spreading to face and limbs.
3. After 3 to 4 days, unusual sequences of
macules, vesicles, ulcerations and scabbing of
the skin and oral mucosa are seen.
4. The individual vesicle and ulcerations
appears as “dew drop” on rose petals and is
often surrounded by a zone of erythema at
5. Secondary infection of the vesicles results
in formation of pustules which may leave
small pitting scars upon healing.
6. Small blister-like
7. Not particularly painful
1. Onset of fever
7. Eruptive lesion of the skin which begin on
the face, in the hair line and behind the ears,
and spread to the neck, chest, back and
extremities. It would appear as tiny red
papules or macules.
8. Eruptive lesion of the oral mucosa would
appear small, irregularly shaped flecks which
appears bluish, white specks surrounded by a
bright red margin.
9. Palatal and pharyngeal petechiae as well as
generalized inflammation, congestion and
10. Focal ulceration of the gingival, palate and
throat may also occur.
3. Moderate fever
5. Pain below the ear
6. Firm, somewhat rubbery or elastic swelling
of the salivary glands, frequently elevating
antibiotics, antipyretics and
No specific treatment
therapy, including bed rest.
-Analgesics may be utilized to
Coxsackie group A viruses
-Caused by the Epstein B
-Saliva transfer is the
mode of transmission
-EBV associated with cases
of hairy leukoplakia,
Burkitt’s lymphoma &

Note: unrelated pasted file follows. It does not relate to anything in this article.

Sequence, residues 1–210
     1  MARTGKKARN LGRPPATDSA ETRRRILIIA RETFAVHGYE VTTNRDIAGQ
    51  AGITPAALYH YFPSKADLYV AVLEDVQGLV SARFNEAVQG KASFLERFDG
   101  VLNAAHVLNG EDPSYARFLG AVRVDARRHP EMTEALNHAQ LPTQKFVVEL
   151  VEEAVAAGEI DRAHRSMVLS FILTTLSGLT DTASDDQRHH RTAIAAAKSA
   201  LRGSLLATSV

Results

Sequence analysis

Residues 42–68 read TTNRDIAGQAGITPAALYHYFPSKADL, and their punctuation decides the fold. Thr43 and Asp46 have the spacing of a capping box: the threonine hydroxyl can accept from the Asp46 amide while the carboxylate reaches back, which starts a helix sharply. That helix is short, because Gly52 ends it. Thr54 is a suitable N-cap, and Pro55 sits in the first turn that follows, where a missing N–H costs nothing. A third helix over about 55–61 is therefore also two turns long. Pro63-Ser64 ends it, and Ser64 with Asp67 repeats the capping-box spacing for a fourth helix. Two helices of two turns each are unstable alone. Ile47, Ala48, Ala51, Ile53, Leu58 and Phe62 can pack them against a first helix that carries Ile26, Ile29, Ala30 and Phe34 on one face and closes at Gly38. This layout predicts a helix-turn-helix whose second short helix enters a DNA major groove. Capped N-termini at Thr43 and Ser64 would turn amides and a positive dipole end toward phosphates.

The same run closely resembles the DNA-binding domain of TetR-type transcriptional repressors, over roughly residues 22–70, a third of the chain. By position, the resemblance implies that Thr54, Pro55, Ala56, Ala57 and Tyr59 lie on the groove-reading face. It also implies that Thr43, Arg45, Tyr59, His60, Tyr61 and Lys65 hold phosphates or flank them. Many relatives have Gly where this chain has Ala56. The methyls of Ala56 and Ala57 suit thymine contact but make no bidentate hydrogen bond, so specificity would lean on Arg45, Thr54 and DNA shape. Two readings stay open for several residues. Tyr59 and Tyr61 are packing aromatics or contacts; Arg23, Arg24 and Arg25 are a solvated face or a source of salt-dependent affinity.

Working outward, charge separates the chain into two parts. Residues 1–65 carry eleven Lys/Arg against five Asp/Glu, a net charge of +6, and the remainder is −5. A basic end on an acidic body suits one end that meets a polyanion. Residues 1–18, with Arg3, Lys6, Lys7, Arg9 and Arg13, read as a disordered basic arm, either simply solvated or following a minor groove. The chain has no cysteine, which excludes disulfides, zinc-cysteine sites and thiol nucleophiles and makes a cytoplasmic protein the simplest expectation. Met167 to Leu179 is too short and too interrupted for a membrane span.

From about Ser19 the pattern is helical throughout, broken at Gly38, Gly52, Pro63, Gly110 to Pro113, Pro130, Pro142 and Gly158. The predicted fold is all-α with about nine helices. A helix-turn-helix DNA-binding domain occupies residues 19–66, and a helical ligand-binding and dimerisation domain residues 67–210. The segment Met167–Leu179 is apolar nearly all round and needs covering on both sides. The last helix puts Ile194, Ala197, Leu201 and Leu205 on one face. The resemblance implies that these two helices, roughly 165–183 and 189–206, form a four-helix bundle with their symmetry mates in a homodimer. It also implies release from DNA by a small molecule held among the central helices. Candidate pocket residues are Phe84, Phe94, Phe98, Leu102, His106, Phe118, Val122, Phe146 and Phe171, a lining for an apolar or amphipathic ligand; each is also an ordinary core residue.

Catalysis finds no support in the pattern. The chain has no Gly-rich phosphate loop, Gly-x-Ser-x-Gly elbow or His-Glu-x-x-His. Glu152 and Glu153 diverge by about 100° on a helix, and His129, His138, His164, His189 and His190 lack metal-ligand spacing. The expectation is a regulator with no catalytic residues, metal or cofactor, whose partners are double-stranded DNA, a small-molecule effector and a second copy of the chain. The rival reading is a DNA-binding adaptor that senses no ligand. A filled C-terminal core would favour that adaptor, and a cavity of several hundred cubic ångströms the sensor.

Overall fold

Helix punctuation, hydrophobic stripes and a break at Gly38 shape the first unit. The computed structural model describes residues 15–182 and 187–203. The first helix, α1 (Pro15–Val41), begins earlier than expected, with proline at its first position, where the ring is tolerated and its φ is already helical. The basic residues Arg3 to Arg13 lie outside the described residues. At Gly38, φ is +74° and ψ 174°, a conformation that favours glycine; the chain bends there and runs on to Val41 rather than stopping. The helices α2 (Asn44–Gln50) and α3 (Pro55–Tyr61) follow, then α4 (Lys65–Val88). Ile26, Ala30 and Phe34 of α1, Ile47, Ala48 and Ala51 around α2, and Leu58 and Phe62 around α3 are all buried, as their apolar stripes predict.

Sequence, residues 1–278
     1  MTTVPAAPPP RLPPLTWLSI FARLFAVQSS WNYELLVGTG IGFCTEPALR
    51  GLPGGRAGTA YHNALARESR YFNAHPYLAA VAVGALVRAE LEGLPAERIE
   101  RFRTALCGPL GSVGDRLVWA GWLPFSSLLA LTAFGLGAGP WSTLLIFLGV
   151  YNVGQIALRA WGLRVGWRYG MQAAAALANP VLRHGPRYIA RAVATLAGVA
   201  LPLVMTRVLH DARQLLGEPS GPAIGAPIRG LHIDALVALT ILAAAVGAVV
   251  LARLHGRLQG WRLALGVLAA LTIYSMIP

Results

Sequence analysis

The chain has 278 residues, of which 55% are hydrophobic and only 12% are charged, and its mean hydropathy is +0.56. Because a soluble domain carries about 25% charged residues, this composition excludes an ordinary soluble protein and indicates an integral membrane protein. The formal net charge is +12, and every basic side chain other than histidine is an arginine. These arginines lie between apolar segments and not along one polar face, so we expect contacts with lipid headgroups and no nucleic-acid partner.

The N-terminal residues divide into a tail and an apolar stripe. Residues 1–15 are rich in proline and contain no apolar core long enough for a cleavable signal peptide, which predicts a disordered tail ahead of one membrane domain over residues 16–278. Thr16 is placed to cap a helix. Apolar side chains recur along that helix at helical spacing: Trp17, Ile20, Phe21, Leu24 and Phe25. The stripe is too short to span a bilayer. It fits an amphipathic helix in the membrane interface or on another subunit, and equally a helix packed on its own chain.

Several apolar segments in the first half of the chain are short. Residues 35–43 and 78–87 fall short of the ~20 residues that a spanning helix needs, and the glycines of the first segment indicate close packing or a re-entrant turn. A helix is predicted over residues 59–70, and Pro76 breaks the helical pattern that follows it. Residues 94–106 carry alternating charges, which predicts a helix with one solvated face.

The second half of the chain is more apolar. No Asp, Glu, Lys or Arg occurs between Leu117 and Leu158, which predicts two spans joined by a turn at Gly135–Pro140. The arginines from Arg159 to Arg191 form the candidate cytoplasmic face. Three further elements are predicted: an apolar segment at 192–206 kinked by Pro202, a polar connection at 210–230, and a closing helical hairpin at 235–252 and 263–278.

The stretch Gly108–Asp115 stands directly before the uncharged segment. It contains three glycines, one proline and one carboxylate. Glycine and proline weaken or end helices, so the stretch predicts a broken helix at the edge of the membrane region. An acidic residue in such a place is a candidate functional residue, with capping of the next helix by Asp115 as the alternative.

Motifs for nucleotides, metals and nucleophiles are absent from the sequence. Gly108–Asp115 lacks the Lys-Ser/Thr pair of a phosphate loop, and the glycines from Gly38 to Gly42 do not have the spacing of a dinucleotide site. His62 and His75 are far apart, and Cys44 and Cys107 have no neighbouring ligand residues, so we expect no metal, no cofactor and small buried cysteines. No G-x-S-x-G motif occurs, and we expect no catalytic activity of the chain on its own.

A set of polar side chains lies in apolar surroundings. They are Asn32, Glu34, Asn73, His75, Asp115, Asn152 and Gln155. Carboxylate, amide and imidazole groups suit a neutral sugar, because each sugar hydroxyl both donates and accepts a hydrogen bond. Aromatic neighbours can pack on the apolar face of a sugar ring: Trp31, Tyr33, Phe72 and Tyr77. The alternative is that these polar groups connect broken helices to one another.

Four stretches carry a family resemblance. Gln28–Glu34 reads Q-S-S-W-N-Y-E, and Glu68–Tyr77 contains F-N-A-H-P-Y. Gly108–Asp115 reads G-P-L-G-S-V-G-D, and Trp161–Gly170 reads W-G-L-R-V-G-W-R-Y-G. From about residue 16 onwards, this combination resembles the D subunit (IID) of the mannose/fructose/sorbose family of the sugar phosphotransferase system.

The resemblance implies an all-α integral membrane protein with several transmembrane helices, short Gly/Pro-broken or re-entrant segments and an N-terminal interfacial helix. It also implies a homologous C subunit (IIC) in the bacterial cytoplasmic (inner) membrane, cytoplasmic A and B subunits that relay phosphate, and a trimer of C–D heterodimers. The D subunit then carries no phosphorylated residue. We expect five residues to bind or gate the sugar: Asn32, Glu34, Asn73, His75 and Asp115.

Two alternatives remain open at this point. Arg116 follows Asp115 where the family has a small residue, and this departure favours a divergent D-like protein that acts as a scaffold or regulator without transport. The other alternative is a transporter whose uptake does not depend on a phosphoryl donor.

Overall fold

(Salivary Gland Virus
Caused by intrauterine
or early post natal
infection by CMV
present in the
and soft palate
older children and
-Occurs chiefly in
young adults (1520 years old)
-No sex or
under two years
of age/infants and
7. Pain upon mastication
8. “Hamster face” appearance
1. Mild and of short duration.
2. Begins with a sore throat, low grade fever,
headache, sometimes vomiting, prostration
and abdominal pain.
3. Soon will be small ulcers, each showing a
gray base and an inflamed periphery on the
anterior faucial pillars and sometimes on the
hard palates and soft tissues, posterior
pharyngeal wall, buccal mucosa and tongue.
4. Ulcers are not extremely painful, although
dysphagia may occur.
1. Characterized by fever, sore throat,
headache, chills, cough, nausea or vomiting,
lymphadenopathy, pharyngitis and tonsillitis.
2. Prodromal fatigue, anorexia and malaise
usually presents 10-14 days prior to the onset
3. Fever usually lasts up to 14 days.
4. Bilateral lymphadenopathy and
oropharyngeal tonsillar enlargements are
1. During initial period it produces fever,
malaise, pharyngitis, myalgia and
2. Retardation of mental and motor
3. Superficial ulcerations or fissures of oral
area; aphthous-like ulcers.
4. Later on there is formation of multiple,
small, fragile vesicles.
5. Soon the fragile vesicles rupture and leave
shallow, pinpoint ulcers.
6. The ulcer often resemble herpetic
infections and each ulcer is surrounded by a
zone of intense erythema (halo)
No treatment is necessary,
since the disease appears to be
self-limiting and presents few
-No specific treatment.
-NSAIDs and non-aspirin
medications may be used for
-Acyclovir has not been proven
to be clinically effective to this
- Only palliative treatment is
- Antiherpetic agents: acyclovir,
foscarnet, gancyclovir, cidofovir